We didn’t find any salamanders under the coverboards. Not a single one. However, after nearly an hour of searching (my assistant insisted that we not give up), we managed to recover a sluggish salamander from deep under a large rock. Salamanders were very abundant a couple weeks ago, but the sudden cold temperatures had clearly sent them digging deep in the soil, which is where they survive the winter. If only the cold snap had waited a few more days. Michelle and I had to quickly develop a backup plan for Monday’s lab.
However, we got lucky. Sunday was warm, and temperatures never dropped below the upper 50s during the night. Rain on monday morning and afternoon probably helped a bit too, and as far as I could tell, the students didn’t mind getting wet. Collectively, they counted 84 red-backed salamanders in approximately 2200 square meters of forest (almost 23,700 square feet). And that is a minimum estimate….we certainly missed some. So, scaling up, our estimate of red-backed salamander density, based on this single sampling effort a few days after the first freeze, was about 382 per hectare (or ~155 per acre). Therefore, there are likely well over 1000 red-backed salamanders in the Lehigh Experimental Forest. The numbers might seem surprising, but our estimate is lower than other estimates from eastern North America forests, where densities greater than 1000 individuals per acre have been observed. I suspect that if we had sampled a few weeks ago, our estimate would be much higher; in fact, I wouldn’t be surprised if there are more salamanders in the experimental forest than there are students at Lehigh University.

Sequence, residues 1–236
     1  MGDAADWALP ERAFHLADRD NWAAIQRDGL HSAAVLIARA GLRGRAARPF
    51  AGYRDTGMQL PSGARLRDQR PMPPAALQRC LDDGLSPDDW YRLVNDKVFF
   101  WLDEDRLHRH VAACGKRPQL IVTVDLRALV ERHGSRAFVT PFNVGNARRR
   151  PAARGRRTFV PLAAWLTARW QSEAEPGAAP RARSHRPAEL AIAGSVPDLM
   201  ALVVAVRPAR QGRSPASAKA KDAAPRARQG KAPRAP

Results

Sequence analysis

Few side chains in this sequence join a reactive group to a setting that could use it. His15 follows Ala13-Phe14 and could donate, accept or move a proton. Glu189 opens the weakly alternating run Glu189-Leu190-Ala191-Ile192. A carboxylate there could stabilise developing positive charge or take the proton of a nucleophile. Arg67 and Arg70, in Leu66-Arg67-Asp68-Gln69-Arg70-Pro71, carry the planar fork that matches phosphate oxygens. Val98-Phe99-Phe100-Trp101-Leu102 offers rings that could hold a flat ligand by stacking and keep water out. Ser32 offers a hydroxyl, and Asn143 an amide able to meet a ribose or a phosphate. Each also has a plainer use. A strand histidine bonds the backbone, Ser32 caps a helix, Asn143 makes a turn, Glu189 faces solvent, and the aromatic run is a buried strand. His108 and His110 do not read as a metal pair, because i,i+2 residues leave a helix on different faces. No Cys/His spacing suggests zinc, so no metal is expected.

In addition to salamanders, the students collected information on the density of earthworms, using the liquid extraction technique. They will use the combined dataset, along with some additional observations and measurements, to test whether salamander and earthworm abundance differed between areas of the forest with deciduous (tulip poplar and sugar maple) and conifer (white pine) canopies. How might the type of canopy influence the abundance of earthworms? How might it influence the abundance of salamanders? Or perhaps the forest vegetation doesn’t matter at all? Hypotheses?
Below are a few pictures and video clips of the fun….